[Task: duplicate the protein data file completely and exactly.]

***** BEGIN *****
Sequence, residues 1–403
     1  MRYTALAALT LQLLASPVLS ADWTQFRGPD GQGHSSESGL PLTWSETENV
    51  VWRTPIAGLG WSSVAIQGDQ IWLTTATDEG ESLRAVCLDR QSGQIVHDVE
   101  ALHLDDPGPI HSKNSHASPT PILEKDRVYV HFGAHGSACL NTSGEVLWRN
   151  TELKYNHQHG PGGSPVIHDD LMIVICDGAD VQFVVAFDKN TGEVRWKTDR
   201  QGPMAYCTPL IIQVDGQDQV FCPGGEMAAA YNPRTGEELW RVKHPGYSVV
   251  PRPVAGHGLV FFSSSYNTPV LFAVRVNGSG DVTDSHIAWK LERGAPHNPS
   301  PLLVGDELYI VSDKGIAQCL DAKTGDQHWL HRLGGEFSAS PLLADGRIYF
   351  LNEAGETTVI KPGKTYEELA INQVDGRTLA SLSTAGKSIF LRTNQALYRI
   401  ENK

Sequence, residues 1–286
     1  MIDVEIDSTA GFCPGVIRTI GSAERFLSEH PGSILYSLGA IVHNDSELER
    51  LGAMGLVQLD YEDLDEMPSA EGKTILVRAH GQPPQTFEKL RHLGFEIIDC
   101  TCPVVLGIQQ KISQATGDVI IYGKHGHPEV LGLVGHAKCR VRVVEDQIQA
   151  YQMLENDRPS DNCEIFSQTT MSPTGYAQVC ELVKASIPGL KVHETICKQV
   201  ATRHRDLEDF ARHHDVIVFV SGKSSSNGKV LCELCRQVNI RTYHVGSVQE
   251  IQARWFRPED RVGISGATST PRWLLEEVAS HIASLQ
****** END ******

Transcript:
Sequence, residues 1–403
     1  MRYTALAALT LQLLASPVLS ADWTQFRGPD GQGHSSESGL PLTWSETENV
    51  VWRTPIAGLG WSSVAIQGDQ IWLTTATDEG ESLRAVCLDR QSGQIVHDVE
   101  ALHLDDPGPI HSKNSHASPT PILEKDRVYV HFGAHGSACL NTSGEVLWRN
   151  TELKYNHQHG PGGSPVIHDD LMIVICDGAD VQFVVAFDKN TGEVRWKTDR
   201  QGPMAYCTPL IIQVDGQDQV FCPGGEMAAA YNPRTGEELW RVKHPGYSVV
   251  PRPVAGHGLV FFSSSYNTPV LFAVRVNGSG DVTDSHIAWK LERGAPHNPS
   301  PLLVGDELYI VSDKGIAQCL DAKTGDQHWL HRLGGEFSAS PLLADGRIYF
   351  LNEAGETTVI KPGKTYEELA INQVDGRTLA SLSTAGKSIF LRTNQALYRI
   401  ENK

Sequence, residues 1–286
     1  MIDVEIDSTA GFCPGVIRTI GSAERFLSEH PGSILYSLGA IVHNDSELER
    51  LGAMGLVQLD YEDLDEMPSA EGKTILVRAH GQPPQTFEKL RHLGFEIIDC
   101  TCPVVLGIQQ KISQATGDVI IYGKHGHPEV LGLVGHAKCR VRVVEDQIQA
   151  YQMLENDRPS DNCEIFSQTT MSPTGYAQVC ELVKASIPGL KVHETICKQV
   201  ATRHRDLEDF ARHHDVIVFV SGKSSSNGKV LCELCRQVNI RTYHVGSVQE
   251  IQARWFRPED RVGISGATST PRWLLEEVAS HIASLQ